Thirty of the apartments will be subsidized to offer rents well below the average of $1 per square foot, allowing them to be afforded by people earning 30 percent of the AMI. Of those, 11 will be studios, another 11 will be one-bedroom apartments and eight will be two-bedroom apartments. The remaining apartments will be affordable to 50-80 percent of AMI, according to the OHFA application.
In the multifamily building, there will be 48 studios, 48 one-bedroom apartments, and 28 two-bedroom suites, Bridging The Gap says in its financing application. Plans show the 12 townhomes will offer seven three-bedroom homes and five four-bedroom homes, each to be rented at 80 percent AMI.
This westward view at the Watterson-Lake development from West 74th Street shows how Clinton Avenue is proposed to be extended into the development site as a pedestrian-oriented street. A public park with a playground is shown at the left with 12 townhomes just beyond. An entrance to the 80-space parking garage below the apartment building is visible at right (Stantec).
Commercial and fee-driven spaces, such as for retail and incubator areas, are proposed to measure 26,219 square feet total and will be divisible. There will be 27,847 square feet of common areas and 2,387 square feet for support and program space such as a management office, wellness/health clinic or a day care center, Bridging The Gap’s application says.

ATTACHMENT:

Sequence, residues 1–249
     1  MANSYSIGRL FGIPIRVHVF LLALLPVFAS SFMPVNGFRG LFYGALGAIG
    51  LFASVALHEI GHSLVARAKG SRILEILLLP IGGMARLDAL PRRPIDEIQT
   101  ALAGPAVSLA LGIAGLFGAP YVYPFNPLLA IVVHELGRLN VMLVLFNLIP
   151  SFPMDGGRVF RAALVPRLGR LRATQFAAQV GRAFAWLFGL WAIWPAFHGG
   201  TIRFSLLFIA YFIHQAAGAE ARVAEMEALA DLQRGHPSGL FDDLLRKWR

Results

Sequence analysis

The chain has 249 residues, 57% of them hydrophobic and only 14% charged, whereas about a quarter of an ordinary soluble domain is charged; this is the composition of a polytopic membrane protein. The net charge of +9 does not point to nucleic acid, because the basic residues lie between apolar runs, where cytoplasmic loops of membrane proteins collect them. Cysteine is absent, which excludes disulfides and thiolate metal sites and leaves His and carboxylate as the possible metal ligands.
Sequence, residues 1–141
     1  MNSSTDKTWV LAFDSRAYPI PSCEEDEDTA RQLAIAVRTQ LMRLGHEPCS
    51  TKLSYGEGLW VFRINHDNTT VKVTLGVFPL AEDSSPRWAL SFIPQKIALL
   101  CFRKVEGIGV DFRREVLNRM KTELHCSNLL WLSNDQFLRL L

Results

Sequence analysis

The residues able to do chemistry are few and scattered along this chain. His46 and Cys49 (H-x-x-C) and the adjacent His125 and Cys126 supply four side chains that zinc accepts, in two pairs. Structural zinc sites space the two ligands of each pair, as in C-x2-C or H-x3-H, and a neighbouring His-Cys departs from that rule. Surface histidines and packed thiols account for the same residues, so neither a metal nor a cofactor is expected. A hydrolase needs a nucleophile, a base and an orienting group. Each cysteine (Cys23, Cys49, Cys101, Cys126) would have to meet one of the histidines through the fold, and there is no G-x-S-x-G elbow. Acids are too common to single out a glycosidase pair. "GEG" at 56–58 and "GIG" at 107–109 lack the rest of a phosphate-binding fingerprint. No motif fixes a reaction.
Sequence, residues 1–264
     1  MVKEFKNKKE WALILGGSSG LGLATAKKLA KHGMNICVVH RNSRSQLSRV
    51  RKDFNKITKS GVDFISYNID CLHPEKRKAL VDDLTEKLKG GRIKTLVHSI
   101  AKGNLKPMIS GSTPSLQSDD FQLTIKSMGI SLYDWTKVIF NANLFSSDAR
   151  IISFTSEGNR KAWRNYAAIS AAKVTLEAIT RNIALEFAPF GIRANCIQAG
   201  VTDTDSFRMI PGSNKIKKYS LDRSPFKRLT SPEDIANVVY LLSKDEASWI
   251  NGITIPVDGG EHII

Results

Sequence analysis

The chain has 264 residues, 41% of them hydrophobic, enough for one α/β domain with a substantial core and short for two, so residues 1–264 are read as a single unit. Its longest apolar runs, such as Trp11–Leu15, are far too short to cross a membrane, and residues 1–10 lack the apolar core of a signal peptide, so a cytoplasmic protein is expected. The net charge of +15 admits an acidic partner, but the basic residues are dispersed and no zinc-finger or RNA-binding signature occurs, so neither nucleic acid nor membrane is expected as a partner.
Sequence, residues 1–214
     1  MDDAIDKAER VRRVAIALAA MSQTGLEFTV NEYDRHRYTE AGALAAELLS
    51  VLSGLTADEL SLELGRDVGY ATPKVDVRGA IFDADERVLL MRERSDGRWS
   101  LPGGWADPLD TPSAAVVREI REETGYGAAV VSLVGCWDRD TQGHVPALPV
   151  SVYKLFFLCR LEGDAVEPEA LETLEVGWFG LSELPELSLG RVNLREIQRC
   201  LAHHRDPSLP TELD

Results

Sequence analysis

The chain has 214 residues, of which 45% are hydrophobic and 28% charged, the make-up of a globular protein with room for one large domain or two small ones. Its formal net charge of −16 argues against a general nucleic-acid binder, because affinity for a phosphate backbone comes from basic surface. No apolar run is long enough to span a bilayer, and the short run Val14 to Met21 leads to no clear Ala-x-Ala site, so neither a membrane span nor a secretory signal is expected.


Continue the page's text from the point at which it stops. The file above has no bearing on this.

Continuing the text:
“Our mission is to simply bridge gaps of opportunity and also to bridge gaps in development,” Tillman said at the November public hearing. “When we say bridging gaps of opportunity, (we) really focus on creating opportunities for minorities, for women as well as the local residents in the community that we’re serving. In bridging gaps in development, which is focused on bringing catalytic, transformative development projects like this to different communities, both communities that are thriving and communities that are also in transition.”
Most of the construction funding is coming from a $20 million Huntington Bank loan, with another $10.4 million from an as-yet-unidentified construction loan, $4,285,000 from the city of Cleveland’s Housing Trust Fund, $2.8 million from state and federal low income housing tax credit equity, plus $1 million from two city Urban Development Action Grants. Another $11.8 million in costs will not be incurred until construction is completed, including most of an $8 million developer fee, the application shows.
Other development team members include project consultant Lowenstein Development, LLC of Columbus, OH and LIHTC syndicator/investor Enterprise Community Investment of Columbus, MD. The general construction contractor is Next Generation Construction while the architect is Stantec Architecture, Inc., both of Cleveland.